THE BLOG

I Want My 'Doctor Sahib' Back: Where's The Human Touch In Healthcare?

14/05/2016 8:25 AM IST | Updated 15/07/2016 8:26 AM IST
NEW! HIGHLIGHT AND SHARE
Highlight text to share via Facebook and Twitter
Lite Productions via Getty Images
Male Doctor looking into a girl's mouth

Bollywood movies, old and new, defined my childhood in the '70s. Apart from the likeable hero, pretty heroin and the hateful villain, I remember a gentleman with a black briefcase called the "Doctor Sahib". He was trusted by the whole family. From minor fever to heart attacks, he dealt with everything. Adept at human psychology, he could counsel or reprimand as a friend, give placebos, or even suggest a vacation at a hill station. He happily obliged with home visits. He was simply a doctor and not a GP (general physician) or a specialist.

Even in real life, when we kids fell sick or got injured, the person our parents took us to was a doctor first and a specialist later. A few actions were routine - using the stethoscope, checking the tongue, pulse, BP and then as needed, asking one to lie down for further examination.

2016-05-06-1462572674-7578313-Huffpost_Artclie2doctorGP.jpg

The speed of prescription dispensing has always intrigued me. Is it indeed so easy to understand the complexities of a human body and mind?

Fast forward to the 2000s. The roles reversed, I had to take my mother to a GP. She was suffering from headaches and flushed ears. A renowned hospital was nearby, so I considered it to be a wise choice. After an arduous billing process and a long wait, when we were graced with the GP's presence, my mother started speaking eagerly: "...Don't know if my BP has gone up, I am feeling..." Even before she had described her symptoms, the GP was already writing the new medication -- "I think you should change your BP medicine. Try this..."

I couldn't stop myself. "But you haven't even measured her BP. You haven't used your stethoscope. You haven't even heard her history." Embarrassed, he perfunctorily went through the motions and gave us the prescription. This was not an isolated case. The speed of prescription dispensing has always intrigued me. Is it indeed so easy to understand the complexities of a human body and mind?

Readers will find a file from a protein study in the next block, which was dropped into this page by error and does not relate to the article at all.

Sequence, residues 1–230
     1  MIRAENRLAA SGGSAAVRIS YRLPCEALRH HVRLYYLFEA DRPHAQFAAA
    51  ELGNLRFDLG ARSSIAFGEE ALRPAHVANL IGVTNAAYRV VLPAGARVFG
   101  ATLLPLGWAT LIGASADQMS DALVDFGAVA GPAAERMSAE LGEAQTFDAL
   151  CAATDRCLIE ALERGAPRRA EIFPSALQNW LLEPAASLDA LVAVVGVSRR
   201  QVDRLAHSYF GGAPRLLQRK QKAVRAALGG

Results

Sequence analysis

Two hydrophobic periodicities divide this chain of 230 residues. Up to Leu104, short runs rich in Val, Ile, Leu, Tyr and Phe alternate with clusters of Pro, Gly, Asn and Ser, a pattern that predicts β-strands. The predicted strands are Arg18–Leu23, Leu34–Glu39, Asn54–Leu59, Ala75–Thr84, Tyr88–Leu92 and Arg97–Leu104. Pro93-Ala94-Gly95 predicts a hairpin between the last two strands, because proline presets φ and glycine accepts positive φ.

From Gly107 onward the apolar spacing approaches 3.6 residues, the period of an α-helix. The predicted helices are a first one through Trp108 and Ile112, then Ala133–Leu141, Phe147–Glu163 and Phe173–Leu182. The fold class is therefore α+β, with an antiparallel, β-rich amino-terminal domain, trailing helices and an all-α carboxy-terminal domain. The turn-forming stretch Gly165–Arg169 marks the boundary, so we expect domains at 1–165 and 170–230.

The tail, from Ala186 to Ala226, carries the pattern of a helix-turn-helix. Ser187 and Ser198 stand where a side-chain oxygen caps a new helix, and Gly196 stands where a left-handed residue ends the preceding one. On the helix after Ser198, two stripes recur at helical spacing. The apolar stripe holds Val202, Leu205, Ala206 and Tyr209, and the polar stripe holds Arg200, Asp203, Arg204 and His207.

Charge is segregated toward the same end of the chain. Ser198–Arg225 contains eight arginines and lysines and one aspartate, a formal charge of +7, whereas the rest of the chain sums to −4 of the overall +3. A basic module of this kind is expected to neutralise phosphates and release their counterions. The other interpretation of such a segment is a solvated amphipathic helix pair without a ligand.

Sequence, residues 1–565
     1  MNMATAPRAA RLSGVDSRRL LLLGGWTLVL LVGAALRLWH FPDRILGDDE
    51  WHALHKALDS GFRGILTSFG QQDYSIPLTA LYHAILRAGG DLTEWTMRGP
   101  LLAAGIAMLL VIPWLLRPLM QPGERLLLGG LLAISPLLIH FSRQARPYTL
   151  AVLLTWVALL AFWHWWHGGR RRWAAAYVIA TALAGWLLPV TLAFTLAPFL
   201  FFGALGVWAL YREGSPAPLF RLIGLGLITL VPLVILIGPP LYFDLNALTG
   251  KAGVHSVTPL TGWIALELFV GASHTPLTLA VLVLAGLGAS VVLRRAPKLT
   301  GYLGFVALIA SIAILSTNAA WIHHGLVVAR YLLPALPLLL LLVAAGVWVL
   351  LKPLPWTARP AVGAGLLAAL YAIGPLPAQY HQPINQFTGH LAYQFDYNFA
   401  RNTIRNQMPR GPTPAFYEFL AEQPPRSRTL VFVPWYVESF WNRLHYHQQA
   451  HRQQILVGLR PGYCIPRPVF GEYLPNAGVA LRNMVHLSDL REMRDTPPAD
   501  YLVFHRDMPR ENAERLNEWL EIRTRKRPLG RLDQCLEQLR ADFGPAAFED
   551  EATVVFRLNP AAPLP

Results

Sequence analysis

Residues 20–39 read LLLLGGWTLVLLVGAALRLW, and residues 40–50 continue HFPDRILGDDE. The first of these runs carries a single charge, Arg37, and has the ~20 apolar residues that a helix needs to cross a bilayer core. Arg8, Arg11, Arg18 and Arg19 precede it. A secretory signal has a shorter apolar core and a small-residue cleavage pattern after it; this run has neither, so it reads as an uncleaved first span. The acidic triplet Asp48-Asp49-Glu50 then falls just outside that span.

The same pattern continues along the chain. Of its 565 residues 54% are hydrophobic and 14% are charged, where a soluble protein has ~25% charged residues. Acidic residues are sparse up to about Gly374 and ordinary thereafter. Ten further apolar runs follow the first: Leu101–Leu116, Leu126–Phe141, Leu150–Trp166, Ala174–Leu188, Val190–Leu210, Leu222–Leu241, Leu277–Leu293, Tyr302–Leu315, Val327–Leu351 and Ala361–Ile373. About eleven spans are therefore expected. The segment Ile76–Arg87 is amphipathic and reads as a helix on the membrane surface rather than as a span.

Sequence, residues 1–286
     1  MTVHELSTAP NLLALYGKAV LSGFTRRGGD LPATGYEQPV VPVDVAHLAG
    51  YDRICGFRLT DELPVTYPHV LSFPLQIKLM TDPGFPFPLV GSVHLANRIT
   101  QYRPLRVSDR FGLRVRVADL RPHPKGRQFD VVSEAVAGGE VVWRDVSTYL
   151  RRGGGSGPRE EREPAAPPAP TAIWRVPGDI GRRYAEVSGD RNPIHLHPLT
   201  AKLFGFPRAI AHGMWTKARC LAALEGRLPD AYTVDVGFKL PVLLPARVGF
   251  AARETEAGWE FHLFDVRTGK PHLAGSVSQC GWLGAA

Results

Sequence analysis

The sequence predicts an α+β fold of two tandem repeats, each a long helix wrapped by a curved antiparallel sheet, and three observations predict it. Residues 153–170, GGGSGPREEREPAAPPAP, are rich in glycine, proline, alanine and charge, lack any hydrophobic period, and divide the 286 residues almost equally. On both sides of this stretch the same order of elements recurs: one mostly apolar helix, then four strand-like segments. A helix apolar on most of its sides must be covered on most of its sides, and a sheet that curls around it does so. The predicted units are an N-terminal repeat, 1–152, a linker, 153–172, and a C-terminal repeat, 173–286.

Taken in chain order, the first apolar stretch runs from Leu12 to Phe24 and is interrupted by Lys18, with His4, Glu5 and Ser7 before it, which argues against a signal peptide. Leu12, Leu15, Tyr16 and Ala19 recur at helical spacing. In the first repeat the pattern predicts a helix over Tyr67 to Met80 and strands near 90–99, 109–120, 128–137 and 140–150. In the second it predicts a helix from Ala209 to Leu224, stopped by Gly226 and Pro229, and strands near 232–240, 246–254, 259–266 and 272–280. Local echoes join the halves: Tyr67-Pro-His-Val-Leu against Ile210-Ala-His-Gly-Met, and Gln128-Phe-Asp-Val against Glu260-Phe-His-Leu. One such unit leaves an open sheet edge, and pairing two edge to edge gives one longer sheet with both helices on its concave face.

I got my answer a few years later when I met a GP, highly recommended by a friend. I met him against the popular wisdom of seeing a specialist for my knee pain. He tried to understand the history and nature of the pain along with my lifestyle -- nature of work, travel, eating habits. Then unexpectedly, he put me through a physical drill -- sitting down on a very low stool and then getting up, standing on one leg, raising myself on my toes, and so on. He was asking questions and observing closely. Finally, he stunned me with a strange question: "Have you always weighed this much?"

[A] holistic analysis, keen observation and judgment... are becoming increasingly rare.

Is he hinting that I am fat? Despite the "unaccommodating trouser incident" that week, I still looked fit and qualified for the normal category of the BMI (Body Mass Index). Grudgingly, I responded, "No, I used to be very thin--actually underweight--until recently. I have put on 10kg in the past year." The doctor nodded and then moved on to explain, "It looks like your legs have had to suddenly bear 20% more weight than they have ever done before. To top it off, your thigh muscles are weak... hence, your knees are feeling the pressure. I will teach you some exercises that you need to do religiously, wear flat shoes and use a good knee support for long walks. Probably your feet don't touch the floor in the airplane; use your bag as leg support during flights. Try reducing your weight a bit and we will review after six weeks to decide future course."